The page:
However, the long-term benefits of earning and keeping a reputation for integrity outweigh the perceived immediate disadvantages. A clear policy of honesty and fairness makes decision-making in difficult situations easier, inspires customer
and employee loyalty, and helps avoid costly lawsuits and regulatory fines.

It’s also the right thing to do.
Responding to Global Opportunities and Trends Today’s business world is
a global world. In all aspects of your business, you may find it possible to
be working internationally.

Even a small company with an online presence may be selling its products internationally. Certainly, your raw materials or inventory may come from global sources. You may have competitors, suppliers, employees, contractors,
and partners worldwide.

A successful business in this environment must at least evaluate international opportunities and consider international threats when constructing a business plan.
Some of the global considerations to keep in mind as you develop your business
plan are:

■ Target market.
Because of the electronically connected world, it’s possible to target a market even halfway around the globe, and that can be a way to significantly expand your market opportunities.

If you have a highly niche product, your customers may be widely scattered internationally, and you may need to or want to serve a wide geographic area. Even if you plan to concentrate on a local or domestic market, you must address how you’ll serve international customers who find you online.

Successful companies today at least evaluate international market opportunities when choosing which markets to target.

■ Competitors.
It’s far easier than ever for global competition to enter local markets.
Certainly, if you are selling a product — even a fairly mundane one — you may find yourself competing with online international companies.

■ Suppliers.
Whether for raw materials for production/manufacturing or inventory for sale, it is likely that at least some of your supplies will come from countries other than your own. You should certainly be considering sourcing material and inventory globally as you grow your company.

■ Labor. It is no longer necessary for your employees or contractors to be located in the same office, same city, or even same country as you.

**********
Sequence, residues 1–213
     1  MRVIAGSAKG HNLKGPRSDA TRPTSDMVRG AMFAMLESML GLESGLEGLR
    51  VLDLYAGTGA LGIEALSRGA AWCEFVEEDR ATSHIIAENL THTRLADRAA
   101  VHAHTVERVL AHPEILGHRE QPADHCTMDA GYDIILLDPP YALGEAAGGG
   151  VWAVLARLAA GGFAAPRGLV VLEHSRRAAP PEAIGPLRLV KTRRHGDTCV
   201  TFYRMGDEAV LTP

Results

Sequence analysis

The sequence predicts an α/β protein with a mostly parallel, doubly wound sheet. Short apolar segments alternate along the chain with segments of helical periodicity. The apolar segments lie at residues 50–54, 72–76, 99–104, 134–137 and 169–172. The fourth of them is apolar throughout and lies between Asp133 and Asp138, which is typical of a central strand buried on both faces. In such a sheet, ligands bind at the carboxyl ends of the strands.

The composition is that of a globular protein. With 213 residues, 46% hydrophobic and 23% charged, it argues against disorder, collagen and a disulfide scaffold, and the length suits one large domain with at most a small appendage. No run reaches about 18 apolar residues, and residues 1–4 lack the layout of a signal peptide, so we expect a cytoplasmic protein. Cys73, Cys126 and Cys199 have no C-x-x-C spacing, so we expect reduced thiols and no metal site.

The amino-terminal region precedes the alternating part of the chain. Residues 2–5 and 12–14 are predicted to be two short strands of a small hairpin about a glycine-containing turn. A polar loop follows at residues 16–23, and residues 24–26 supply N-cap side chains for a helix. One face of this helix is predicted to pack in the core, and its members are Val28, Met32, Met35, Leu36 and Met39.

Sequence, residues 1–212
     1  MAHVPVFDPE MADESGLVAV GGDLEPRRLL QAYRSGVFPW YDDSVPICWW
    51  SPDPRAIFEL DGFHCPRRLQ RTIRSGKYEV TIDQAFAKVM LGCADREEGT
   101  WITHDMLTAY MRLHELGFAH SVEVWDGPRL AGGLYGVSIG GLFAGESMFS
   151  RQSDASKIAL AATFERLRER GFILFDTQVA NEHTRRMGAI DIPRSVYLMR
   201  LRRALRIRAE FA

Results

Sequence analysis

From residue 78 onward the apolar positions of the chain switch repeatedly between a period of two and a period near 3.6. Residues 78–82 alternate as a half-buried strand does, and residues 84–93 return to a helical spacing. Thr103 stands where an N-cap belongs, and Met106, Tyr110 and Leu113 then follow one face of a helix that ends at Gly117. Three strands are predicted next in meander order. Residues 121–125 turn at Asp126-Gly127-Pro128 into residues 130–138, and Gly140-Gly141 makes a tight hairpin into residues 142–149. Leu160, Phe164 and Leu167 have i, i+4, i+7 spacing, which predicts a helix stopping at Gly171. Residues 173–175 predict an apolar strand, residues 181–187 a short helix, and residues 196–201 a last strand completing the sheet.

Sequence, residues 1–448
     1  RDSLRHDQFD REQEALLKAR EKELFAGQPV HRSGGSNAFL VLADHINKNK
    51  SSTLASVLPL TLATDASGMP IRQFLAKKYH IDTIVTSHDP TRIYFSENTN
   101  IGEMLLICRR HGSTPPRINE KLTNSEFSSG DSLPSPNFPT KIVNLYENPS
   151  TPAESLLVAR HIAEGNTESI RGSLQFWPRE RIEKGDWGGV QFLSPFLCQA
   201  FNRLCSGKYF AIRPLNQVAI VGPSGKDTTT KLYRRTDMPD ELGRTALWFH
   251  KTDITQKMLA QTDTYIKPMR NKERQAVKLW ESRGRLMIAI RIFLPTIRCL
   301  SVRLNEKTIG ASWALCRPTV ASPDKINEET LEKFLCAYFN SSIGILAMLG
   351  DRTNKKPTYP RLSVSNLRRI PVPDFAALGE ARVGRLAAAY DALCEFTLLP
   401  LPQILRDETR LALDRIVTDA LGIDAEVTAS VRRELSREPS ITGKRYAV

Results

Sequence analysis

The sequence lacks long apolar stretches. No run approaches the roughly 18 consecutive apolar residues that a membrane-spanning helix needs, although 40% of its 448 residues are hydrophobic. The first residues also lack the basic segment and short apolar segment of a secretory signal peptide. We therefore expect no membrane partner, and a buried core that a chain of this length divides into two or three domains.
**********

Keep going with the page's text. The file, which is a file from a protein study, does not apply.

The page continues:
Finding workers — especially technology or manufacturing labor — in other countries may offer significant labor cost reduction. It is now typical for companies to “offshore” many tasks, and flexible companies evaluate some of those opportunities. Of course, managing a far-distant labor supply has significant challenges, and you must think those through as you plan the global aspects of your business.

“Getting sufficient supplies can be challenging. When we launched our Honest Kids organic drink pouch, we had to buy half the world’s supply of organic, kosher grape juice.” Seth Goldman Cofounder, Honest Tea

■ Legal issues.
Whether protecting your intellectual property, ensuring that you are following
all necessary laws and regulations, or dealing with international tax or finance issues, you will certainly need to understand the legal issues affecting you as you work globally.

■ Partners. As you think about expanding your business internationally, one approach is to find existing companies “on the ground” in those markets to partner with. This can make your entry far easier, help you understand local business customs and practices, and better serve your market.

■ Social responsibility.
The best international companies are good global citizens.
As you work globally, make certain that you are always acting in a socially responsible manner — whether dealing with labor issues, human rights, the environment, bribery, or corruption.